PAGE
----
Thanks to the fine editors of the Origami Poems Project for publishing my micro-chapbook and to Laura Burke for gorgeous artwork “What comes through” on the cover. You can read the poems or download a printable PDF to fold into a 6-page micro-chapbook for free!
Tremendous thanks to the fine editors of Yavanika Press for publishing my fourth chapbook and to my amazing daughter Clementine for creating the cover art. You can download Almost Famous as an echapbook for free!
Praise for Almost Famous:
Trish Hopkinson’s fourth chapbook Almost Famous brims with evocative imagery. “My memories have taste buds. … Every moment has a different palate and lingers on my teeth,” Hopkinson writes. Her poignant and personal poems draw the reader into a vividly rendered childhood. Set in a sometimes nomadic home-life where doors are “thin enough for a fist” and “the kitchen wears its linoleum like a polyester suit,” uncertainty, danger, and death seem constantly close at hand. These emotionally rich poems reveal the life of a young woman coming into her own, from an unsettling birth to traumatic teen years, “fourteen flipped on its hip bearing womanhood.” In Almost Famous, Hopkinson gifts us with poem after poem that boldly speaks its truth.
—Nancy Chen Long, author of Light into Bodies
Trish Hopkinson is a consummate storyteller. Starting with her own precisely envisaged birth, and employing a brutal sort of honesty, Almost Famous brings family origin stories alive with vibrant and closely-observed imagery. Stepwise through years, with each poem immersed in its own moment, these narratives span the evolving viewpoint of a child, an adolescent, and finally, a grown woman, as she transports readers through “Birthday after birthday after birthday after birthday after.” Hopkinson is a poet; with this book, she again proves to be a very fine poet.
—Risa Denenberg, Curator, The Poetry Cafe Online
In the poems in Almost Famous, Trish Hopkinson takes the reader on a circular journey through motherhood and what it means to be a daughter back to motherhood. Hopkinson writes with taut lyricism about the violences that can subsume a family from a daughter’s birth to life’s everyday stresses that explode into abuse and drug addiction. Here, in poems both stark and expansive, the speaker claws her way out of her past by reclaiming her sexuality and creating her own family.
—Avery M. Guess, author of The Truth Is
Click here to order my third chapbook Footnote, published by Lithic Press. The book was released in July 2017.
You can read all about how the book came to be in my interview with Nancy Chen Long in her series Chapbook Chat.
What other poets are saying about Footnote…
“She holds a handful of earth— / she must say it to understand it.” This scene, from a poem that engages Rainer Maria Rilke as well as Nick Cave and the Bad Seeds, is a gorgeously emblematic and enigmatic moment in Trish Hopkinson’s Footnote. This collection is obsessed with the miracle of words and the mouths that say them, the bodies that carry them out and back in, deliciously, deliriously. From Emily Dickinson to Amiri Baraka to David Lynch to Sylvia Plath to Pablo Neruda to Janis Joplin, these poems perform erasures, palimpsests, collages, ventriloquisms, haunted monologues, dreams in which the physical dances with the metaphysical so that the stormy dream of language can enter us. And then we see how “we are driven by our own ceremonies, / by whirling words.” Hopkinson understands that the best conversation is a transformation, in which the words one has inherited are reinvented. Footnote reminds us that the act of saying is something we may never fully understand—and that is cause for whirling joy.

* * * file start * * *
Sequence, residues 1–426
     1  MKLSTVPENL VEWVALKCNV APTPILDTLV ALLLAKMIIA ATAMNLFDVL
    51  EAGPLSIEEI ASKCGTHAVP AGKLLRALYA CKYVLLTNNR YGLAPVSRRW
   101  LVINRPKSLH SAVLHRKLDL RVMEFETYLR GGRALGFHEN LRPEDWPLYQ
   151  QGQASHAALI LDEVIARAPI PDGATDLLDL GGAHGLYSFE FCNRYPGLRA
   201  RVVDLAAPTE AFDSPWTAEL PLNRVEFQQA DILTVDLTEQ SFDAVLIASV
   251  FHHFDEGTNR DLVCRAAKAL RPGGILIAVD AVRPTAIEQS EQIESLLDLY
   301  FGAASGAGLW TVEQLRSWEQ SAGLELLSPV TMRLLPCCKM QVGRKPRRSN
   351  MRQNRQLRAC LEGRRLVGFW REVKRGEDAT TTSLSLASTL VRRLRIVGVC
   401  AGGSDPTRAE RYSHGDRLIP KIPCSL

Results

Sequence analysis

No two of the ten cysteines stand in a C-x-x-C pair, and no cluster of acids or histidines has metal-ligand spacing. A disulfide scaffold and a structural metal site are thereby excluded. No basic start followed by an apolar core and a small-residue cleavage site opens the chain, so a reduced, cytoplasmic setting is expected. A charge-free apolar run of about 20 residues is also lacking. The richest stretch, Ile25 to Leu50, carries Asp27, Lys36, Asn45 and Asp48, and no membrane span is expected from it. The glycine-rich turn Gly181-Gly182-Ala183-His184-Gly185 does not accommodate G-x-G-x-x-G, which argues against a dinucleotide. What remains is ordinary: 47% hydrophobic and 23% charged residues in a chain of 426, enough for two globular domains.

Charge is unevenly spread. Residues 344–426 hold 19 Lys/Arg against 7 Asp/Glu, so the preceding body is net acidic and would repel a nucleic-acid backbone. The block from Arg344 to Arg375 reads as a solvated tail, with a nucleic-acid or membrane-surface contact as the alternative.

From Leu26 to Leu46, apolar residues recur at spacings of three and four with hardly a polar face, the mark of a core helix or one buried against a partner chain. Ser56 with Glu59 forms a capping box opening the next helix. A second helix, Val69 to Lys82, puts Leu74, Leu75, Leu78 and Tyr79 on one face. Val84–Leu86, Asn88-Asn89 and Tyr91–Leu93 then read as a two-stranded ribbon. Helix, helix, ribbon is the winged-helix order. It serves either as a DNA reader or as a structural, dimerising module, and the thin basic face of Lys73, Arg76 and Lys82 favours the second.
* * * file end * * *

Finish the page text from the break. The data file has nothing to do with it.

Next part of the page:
–Chen Chen, author of When I Grow Up I Want to Be a List of Further Possibilities
“What elegant control and preciseness in Trish Hopkinson’s chapbook, Footnote. These response poems pay homage to the greats—artists, singers, filmmakers and other writers like Amiri Baraka, Octavio Paz, Sylvia Plath, Emily Dickinson, Rainer Maria Rilke, Ai, Janis Joplin, and Pablo Neruda. In “A Room Made of Poetry,” a found poem from Laura Hamblin’s The Eyes of a Flounder, Hopkinson writes: “Here you can wait,/ with desire, with/ roots exposed/ for an open womb. That heart-balm/ as hope./ The raw bent/— a bowl of fruit/ in a language I never knew . . .” This is exactly the feeling these poems evoke: in the rhythm of response and found poems, and forms like reverse snowballs and erasures, Hopkinson covers so much ground, giving readers a taste of art from across the centuries and the world. Footnote must simply be savored and re-read.”
–Nicole Rollender, author of Louder Than Everything You Love and Ghost Tongue
Click here to read Pieced Into Treetops, my second chapbook, finished summer of 2013 for the 30 Poems in 30 Days contest. These 30 poems were based on daily prompts and placed second. The cover art is a photograph taken by my daughter.
Click here to read Emissions, my first chapbook, finished in 2012. It received an honorable mention award in the Poetry Anthology category in the League of Utah Writers annual writing contest. The original art included was created mostly by my son, with one by my daughter.